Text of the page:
Published: Sunday, Sept. 29 2013 12:00 a.m. MDT
Re: "State universities and community colleges should offer free tuition to
all students . . . ."Yeah, and states should also offer
"free" license plates, and "free" health care, and cities should
offer "free" electricity and utilities, and the federal government
should offer "free" lifetime passes to all national parks, and
"free" tax rebates, and . . . .It's sad to see such
self-serving silliness offered as valid American public policy.There
is no such thing a free lunch. Real people know this. It's high time
political and academic theorists learned some of the basic truths of life and
living that they've so assiduously insulated themselves from for so long.
I can only see how much tuition has increased when the government wanted and
started to help. You can lead a kid to collage but you can't make them
It's a nice dream, but it won't happen in the US anytime soon. We
can't even seem to agree on any other much more pressing ideas. Moot point.
Georgia gives free tuition to high school graduates who maintain a "B"
average. The program is paid for with lottery dollars, not taxes. I wonder
what innovative educational improvements we could make with our lottery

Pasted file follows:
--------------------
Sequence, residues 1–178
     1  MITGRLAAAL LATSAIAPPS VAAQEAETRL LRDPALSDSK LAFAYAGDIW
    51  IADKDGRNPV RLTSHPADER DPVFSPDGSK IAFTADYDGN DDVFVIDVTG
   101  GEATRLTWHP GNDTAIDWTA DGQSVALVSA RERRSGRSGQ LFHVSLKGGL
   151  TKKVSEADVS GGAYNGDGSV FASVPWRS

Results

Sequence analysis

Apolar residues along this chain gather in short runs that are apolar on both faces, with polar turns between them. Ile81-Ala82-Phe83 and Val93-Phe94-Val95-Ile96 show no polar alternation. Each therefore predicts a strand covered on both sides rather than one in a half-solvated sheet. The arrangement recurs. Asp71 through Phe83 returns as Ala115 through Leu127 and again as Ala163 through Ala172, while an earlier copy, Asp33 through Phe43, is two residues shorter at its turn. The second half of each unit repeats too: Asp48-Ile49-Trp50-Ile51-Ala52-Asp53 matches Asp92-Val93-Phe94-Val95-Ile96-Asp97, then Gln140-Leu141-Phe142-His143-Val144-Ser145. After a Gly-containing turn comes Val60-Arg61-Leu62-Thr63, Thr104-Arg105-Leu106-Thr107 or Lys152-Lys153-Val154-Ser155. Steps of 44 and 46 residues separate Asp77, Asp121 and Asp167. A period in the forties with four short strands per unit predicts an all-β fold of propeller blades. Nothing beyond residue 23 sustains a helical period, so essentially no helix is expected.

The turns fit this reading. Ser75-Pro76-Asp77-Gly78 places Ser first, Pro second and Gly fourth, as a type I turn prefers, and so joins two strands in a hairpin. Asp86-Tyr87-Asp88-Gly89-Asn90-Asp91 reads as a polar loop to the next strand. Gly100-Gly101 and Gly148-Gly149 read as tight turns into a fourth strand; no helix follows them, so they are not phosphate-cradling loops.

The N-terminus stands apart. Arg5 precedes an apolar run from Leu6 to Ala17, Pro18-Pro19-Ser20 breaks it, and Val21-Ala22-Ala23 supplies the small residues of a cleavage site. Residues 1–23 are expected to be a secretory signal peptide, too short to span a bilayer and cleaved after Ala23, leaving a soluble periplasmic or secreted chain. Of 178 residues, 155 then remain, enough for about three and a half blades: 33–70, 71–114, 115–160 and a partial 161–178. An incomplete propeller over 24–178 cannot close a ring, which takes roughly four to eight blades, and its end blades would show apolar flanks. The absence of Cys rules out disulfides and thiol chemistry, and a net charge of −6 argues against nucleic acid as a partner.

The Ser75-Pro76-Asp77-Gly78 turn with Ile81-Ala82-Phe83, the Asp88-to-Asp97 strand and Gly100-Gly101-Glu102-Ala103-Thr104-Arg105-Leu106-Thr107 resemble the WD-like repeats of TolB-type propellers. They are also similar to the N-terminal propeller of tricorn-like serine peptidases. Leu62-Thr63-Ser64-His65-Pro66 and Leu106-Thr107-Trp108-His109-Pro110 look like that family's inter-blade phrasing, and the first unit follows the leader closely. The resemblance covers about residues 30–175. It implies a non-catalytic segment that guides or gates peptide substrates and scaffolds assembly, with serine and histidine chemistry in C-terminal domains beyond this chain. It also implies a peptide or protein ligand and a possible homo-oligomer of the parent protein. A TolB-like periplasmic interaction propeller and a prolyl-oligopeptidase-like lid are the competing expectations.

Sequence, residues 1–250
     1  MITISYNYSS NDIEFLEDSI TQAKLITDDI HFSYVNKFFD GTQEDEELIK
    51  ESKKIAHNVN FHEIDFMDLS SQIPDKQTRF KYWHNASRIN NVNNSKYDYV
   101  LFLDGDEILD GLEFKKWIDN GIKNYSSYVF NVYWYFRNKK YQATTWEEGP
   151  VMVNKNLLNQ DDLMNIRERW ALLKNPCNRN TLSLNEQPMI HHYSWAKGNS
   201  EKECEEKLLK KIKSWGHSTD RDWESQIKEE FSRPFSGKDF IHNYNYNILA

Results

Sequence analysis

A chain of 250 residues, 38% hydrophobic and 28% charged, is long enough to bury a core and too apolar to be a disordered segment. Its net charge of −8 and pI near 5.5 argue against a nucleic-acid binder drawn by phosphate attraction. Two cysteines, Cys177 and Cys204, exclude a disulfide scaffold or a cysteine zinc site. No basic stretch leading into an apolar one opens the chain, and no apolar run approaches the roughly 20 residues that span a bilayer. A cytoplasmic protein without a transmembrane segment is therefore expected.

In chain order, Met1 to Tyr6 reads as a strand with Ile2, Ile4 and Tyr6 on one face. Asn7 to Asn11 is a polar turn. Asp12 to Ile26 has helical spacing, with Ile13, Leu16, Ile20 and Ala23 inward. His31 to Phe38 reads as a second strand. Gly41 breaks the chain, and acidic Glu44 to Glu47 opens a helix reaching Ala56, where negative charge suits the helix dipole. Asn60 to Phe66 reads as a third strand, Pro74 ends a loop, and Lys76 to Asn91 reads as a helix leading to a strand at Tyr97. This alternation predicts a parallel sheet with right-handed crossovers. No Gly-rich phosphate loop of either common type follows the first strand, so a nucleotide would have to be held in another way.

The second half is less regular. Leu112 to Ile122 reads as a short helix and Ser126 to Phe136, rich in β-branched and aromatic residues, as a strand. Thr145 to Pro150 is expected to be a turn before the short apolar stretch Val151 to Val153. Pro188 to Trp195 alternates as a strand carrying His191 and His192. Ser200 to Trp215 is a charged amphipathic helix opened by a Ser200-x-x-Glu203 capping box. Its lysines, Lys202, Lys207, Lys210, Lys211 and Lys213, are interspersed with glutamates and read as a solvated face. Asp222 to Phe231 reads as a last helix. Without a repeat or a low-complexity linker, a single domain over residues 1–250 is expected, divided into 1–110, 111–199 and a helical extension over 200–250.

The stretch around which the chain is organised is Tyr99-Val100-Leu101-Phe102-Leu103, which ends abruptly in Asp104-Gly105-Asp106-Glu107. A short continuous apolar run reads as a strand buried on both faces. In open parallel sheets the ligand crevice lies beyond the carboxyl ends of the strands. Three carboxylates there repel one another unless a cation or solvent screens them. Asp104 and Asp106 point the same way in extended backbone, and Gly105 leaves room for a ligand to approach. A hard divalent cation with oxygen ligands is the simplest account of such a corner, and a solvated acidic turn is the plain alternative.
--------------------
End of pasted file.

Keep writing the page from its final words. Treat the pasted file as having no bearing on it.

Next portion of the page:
earnings? Oh, wait...
Back in the late 1950's and early 1960's, my first two years of
undergraduate work at Hunter College of the City University of New York were
tuition free AND books were free on loan from a central repository. Things
changed gradually after those two years, some tuition charges assessed and books
no longer free on loan. The system I was admitted under was, of course,
unsustainable. No state or populous metropolis is in a long-term position
fiscally to underwrite "free" higher education. Nationally, though?
We're just now beginning to see the reduced outcomes
nationally of reliance on states for the main funding of public education,
K-12. Not all states are created equal, and the differences between them in
public education have become VERY evident. International assessments of
educational outcomes show the U.S. declining rapidly in numerous areas, the main
drivers of the decline states which have not been able to produce the results
richer states like Massachusetts have. National effort in funding and long-term
planning is behind the success stories in increasing numbers of countries. It
works K-12. It can at higher levels as well. Real commitment to
education can work.
So what would the author propose to cut out of present government spending to
pay for college education? That's the most revealing question to answer.
I have lots of ideas.
The irony is that you CAN take classes for top 10 universities for free on
coursera dot you know but you just can't get any credit for your
knowlege.The cost of distributing say a calculus course by the
internet is so low, Stanford doesn't charge a penny for it's Coursera
course. So why do we allow this? Why are credentials more important
than knowledge? Fix that and our education problems are solved.
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